Steroid hormones have been implicated in the modulation of several transport processes, including conductive chloride transport in epithelial cells. Micromolar concentrations of these hormones have been determined in blood of pregnant women. The purpose of this work was to explore the effects of 17b-Estradiol, a steroid hormone, on the biophysical properties of the Maxi chloride channel present in apical membranes from human placental syncytiotrophoblast. Apical membrane chloride channels from human term placentas were reconstituted in giant liposomes suitable for electrophysiologic studies by the patch-clamp method. Low micromolar concentrations of 17b-Estradiol inhibit the Maxi chloride channels in excised patches in a potential-dependent manner. The addition of 1 mM 17b-Estradiol to the bath solution decreased the total current in the patch from 100% control to 71% at ?40 mV holding potential and the current was not affected by 17b-Estradiol at + 40 mV. However, the presence of the hormone did not affect the single-channel conductance, therefore its effect must be due to modulation of its open probability (Po). Interestingly, 17a-Estradiol did not change the total current in the patch. Tamoxifen, an antiestrogen, also showed inhibition, but in a voltage-independent manner. Our results suggest that the Maxi Cl? channel from human term placenta may be regulated by direct interaction of both compounds with the channel. From a functional point of view, the control of these channels by steroid hormones may be of great importance in placental physiology and their regulation may help to unravel their possible role in transplacental transport.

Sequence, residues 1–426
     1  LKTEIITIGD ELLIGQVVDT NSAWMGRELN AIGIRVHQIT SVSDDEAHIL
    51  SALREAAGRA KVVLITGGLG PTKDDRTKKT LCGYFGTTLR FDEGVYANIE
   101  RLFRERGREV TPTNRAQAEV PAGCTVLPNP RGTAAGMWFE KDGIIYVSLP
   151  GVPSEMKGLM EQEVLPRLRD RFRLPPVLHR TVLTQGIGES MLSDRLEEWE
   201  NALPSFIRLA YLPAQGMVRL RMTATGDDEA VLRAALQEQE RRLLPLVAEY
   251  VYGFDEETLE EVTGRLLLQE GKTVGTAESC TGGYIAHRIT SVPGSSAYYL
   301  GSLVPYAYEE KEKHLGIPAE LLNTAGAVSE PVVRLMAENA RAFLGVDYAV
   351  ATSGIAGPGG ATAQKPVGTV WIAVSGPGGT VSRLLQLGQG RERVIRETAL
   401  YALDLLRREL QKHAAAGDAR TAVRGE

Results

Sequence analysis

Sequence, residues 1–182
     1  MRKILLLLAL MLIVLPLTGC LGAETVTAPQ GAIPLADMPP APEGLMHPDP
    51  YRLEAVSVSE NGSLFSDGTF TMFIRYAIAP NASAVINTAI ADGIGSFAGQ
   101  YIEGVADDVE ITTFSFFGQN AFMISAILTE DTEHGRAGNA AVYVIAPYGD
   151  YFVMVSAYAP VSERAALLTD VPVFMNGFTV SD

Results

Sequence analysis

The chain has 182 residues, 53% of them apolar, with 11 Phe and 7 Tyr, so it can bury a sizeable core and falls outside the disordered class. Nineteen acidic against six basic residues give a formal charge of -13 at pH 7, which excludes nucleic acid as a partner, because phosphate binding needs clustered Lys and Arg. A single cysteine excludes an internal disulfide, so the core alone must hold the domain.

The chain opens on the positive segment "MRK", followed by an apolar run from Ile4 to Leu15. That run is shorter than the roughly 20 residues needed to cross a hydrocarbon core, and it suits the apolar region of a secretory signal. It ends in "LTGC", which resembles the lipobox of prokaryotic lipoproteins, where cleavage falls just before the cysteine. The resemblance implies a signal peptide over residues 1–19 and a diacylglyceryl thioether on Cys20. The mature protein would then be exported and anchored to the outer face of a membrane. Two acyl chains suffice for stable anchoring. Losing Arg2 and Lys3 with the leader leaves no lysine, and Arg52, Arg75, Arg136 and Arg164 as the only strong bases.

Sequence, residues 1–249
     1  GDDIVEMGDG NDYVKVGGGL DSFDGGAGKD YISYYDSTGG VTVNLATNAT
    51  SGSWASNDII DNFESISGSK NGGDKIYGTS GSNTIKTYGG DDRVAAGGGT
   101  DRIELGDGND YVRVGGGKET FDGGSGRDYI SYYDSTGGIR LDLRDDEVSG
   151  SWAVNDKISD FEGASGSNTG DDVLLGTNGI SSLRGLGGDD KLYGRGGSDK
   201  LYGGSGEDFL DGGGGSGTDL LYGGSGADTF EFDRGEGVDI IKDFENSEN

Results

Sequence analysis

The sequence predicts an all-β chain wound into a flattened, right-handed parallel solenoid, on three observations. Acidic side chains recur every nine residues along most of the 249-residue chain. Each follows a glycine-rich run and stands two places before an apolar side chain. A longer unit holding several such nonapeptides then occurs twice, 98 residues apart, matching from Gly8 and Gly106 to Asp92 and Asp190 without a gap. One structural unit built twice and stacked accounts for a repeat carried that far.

The Journal of Membrane Biology – Springer Journals
Published: Jan 1, 2003
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